Jun 30, 2014 · 4 minutes

Perhaps the most startling thing about Facebook's efforts to control the emotions of nearly 700,000 people without their explicit consent is the fact that some people are actually defending the company.

In fairness, some of those people also believe that Google should have a private militia and that Eric Schmidt should become America's chief executive, so it's no surprise that they would lend their support to the company's right to do essentially whatever it wants to its users. But there are other, more rational people who also believe that Facebook should be allowed to "tweak its algorithms" -- which is how they characterizethe experiment -- without thinking of the repercussions.

The problem is that conflating Facebook's experiment with the changes tech companies make to countless other algorithms every day is a bit like saying that a doctor shoving poison pills down a person's throat is okay because other doctors were writing legitimate prescriptions at the same time. It's a willful misrepresentation of a disconcerting experiment that should be discussed instead of being accepted as part of the modern, algorithm-driven world in which we've decided to live.

This wasn't a simple tweak meant to see what might happen if Facebook were to change its News Feed. The company's decision to increase the number of news articles or decrease the number of promotional status updates shown in the stream of seemingly-random content fits that description. Its efforts to determine the emotional effect that it can have on its users by toying with nearly 700,000 people differs in all but execution.

And when this study is considered for what it actually is -- a psychological experiment that affected hundreds of thousands of people -- instead of as a technological issue, it seems far more sinister than its supporters would have us believe. As Max Masnick, a researcher who does "human-subjects research every day," explains in the Guardian's report on the study:

As a researcher, you don’t get an ethical free pass because a user checked a box next to a link to a website’s terms of use. The researcher is responsible for making sure all participants are properly consented. In many cases, study staff will verbally go through lengthy consent forms with potential participants, point by point. Researchers will even quiz participants after presenting the informed consent information to make sure they really understand.
Even Adam Kramer, one of the researchers involved in the study, said something similar in a Facebook post defending the study and the company's motivations behind performing it:
Having written and designed this experiment myself, I can tell you that our goal was never to upset anyone. I can understand why some people have concerns about it, and my coauthors and I are very sorry for the way the paper described the research and any anxiety it caused. In hindsight, the research benefits of the paper may not have justified all of this anxiety.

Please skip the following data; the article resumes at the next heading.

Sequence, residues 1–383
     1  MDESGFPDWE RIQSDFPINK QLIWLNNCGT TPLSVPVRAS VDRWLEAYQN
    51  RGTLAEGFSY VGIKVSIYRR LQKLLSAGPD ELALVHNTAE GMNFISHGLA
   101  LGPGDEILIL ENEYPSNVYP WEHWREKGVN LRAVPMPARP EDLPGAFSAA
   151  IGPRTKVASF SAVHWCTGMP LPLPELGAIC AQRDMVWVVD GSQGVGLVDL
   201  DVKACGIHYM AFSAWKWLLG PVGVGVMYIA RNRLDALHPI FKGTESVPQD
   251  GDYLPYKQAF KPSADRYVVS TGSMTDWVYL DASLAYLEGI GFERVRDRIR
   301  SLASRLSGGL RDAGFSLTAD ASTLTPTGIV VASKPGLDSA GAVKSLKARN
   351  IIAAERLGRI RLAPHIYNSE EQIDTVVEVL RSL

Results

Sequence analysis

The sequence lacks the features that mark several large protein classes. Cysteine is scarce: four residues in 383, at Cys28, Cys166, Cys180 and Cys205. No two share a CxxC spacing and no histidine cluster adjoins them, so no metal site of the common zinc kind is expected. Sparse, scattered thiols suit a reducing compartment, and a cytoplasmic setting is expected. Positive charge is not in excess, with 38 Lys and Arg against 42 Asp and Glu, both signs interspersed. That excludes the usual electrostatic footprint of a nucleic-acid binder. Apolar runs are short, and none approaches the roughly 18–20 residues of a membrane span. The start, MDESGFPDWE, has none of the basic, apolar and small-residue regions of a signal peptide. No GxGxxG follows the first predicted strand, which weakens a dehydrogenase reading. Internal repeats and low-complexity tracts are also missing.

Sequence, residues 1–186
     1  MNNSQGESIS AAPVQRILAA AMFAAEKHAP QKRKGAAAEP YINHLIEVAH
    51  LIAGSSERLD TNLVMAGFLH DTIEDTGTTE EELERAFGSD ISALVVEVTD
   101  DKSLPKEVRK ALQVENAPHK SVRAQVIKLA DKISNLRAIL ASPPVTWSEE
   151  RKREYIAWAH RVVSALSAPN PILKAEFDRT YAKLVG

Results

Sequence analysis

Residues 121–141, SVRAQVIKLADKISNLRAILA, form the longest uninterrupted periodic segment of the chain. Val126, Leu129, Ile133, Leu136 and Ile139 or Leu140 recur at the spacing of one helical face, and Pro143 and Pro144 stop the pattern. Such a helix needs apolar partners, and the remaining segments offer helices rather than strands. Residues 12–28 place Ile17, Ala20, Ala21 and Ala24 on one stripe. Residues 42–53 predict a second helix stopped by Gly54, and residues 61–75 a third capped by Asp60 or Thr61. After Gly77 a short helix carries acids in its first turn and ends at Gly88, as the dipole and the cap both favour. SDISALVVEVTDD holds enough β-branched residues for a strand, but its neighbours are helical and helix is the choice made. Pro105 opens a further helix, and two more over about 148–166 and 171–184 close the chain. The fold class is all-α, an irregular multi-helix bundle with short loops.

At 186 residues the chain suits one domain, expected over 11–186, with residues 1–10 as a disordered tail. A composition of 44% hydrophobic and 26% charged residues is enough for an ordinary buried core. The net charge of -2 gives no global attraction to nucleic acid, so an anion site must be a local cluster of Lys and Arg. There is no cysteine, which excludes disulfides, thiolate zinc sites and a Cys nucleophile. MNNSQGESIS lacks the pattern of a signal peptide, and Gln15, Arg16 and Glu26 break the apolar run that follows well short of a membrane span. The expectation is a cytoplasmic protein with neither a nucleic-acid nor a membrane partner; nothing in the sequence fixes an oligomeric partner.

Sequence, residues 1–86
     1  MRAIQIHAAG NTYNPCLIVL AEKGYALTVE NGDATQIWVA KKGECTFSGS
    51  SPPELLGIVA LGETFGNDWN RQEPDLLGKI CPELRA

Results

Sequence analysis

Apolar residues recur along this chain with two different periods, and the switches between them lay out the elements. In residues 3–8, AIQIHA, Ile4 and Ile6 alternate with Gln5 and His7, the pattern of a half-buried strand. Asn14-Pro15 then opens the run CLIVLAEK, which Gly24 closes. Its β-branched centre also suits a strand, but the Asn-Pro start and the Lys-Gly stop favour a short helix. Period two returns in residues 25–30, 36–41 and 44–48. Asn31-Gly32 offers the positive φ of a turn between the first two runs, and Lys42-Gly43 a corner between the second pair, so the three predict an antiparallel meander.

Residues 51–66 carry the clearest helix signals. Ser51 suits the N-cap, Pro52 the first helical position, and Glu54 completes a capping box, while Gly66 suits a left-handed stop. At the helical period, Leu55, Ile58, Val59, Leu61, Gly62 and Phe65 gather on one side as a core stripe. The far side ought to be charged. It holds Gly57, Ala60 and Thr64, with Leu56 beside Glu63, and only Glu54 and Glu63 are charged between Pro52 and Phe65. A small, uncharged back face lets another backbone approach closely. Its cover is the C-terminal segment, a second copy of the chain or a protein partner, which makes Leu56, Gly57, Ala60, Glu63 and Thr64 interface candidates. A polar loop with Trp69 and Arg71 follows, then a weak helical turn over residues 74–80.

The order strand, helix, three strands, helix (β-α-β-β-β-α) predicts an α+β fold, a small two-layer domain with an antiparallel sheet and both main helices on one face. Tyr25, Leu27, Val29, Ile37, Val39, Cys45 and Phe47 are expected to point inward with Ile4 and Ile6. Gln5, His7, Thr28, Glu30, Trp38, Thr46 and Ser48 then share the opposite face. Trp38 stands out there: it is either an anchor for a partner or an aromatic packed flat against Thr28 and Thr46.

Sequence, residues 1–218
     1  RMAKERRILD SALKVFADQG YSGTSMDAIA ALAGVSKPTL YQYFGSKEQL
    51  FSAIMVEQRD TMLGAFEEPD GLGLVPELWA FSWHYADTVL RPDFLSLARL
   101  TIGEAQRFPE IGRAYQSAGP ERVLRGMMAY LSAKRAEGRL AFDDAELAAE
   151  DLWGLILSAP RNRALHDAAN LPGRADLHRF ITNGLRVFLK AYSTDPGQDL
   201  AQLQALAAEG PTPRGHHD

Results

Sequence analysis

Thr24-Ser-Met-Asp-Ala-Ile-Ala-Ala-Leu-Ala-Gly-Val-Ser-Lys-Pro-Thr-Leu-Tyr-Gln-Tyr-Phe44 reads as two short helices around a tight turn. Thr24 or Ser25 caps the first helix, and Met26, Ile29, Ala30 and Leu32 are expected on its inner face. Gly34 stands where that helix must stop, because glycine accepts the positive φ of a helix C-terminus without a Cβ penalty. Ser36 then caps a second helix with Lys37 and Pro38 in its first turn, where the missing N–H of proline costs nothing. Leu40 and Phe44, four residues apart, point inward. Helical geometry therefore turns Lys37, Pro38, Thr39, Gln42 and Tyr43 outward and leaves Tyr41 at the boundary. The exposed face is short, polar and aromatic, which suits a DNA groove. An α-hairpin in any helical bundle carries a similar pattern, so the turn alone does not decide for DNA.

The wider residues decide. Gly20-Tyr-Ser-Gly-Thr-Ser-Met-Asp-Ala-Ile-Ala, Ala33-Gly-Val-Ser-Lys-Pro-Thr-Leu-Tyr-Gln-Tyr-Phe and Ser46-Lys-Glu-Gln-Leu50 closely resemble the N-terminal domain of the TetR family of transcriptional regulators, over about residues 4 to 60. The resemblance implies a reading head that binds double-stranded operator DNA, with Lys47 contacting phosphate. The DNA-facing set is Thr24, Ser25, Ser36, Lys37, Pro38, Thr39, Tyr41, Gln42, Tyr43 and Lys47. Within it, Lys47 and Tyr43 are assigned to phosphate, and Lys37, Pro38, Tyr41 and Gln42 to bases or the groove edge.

While we’ve always considered what research we do carefully, we (not just me, several other researchers at Facebook) have been working on improving our internal review practices. The experiment in question was run in early 2012, and we have come a long way since then. Those review practices will also incorporate what we’ve learned from the reaction to this paper. It's clear why anyone concerned about the ethics involved with manipulating the emotions of hundreds of thousands of people without explicit consent view Facebook's experiment as a mistake. So why do some people insist on defending Facebook's supposed right to experiment on its users, despite being told that checking a box on a Terms of Service agreement isn't the same as agreeing to participate in a psychological experiment?

Perhaps it's because the Valley culture has made it easier to think of millions or billions of people as little more than data points used to draw revenues from advertisers. Because this study technically required just a few tweaks to an algorithm, it's easy to view it as a harmless experiment meant to gather more data, which has become increasingly sacred to the Valley. It's hard to think that a billion data points is actually composed of individual people who might worry about Facebook's ability to manipulate their emotions instead of bits and bytes.

Or maybe the simpler explanation, which Holmes suggested in his post about the study and its ramifications, is better: Facebook just doesn't give a shit about the people who use its service and is more than willing to experiment with their mental health because of the culture of contempt that it has created within the confines of One Hacker Way. It knows that there are people on the other end of those algorithms -- it just doesn't care. It exists to make people spend more time online, not to worry about how other people feel.

Still, it's hard to imagine why people outside the company would defend its actions. Maybe they also don't care about other people. Maybe they've become so jaded that the idea of a technology company performing psychological experiments seems like a normal Saturday. Or maybe they want to give Facebook the chance to make everyone feel like they do, thus ending the criticism they face for suggesting that Eric Schmidt should be placed in charge of an entire goddamn country. Take your pick -- no matter which motivation you choose, the truth is that we must now live in a world where Facebook's right to unethical experiments is defended.

As Holmes put it, it might be time for Facebook to make all of our News Feeds just a little bit happier. We're going to need it to get through this week -- and perhaps the rest of our lives.

[Illustration by Hallie Bateman for Pando]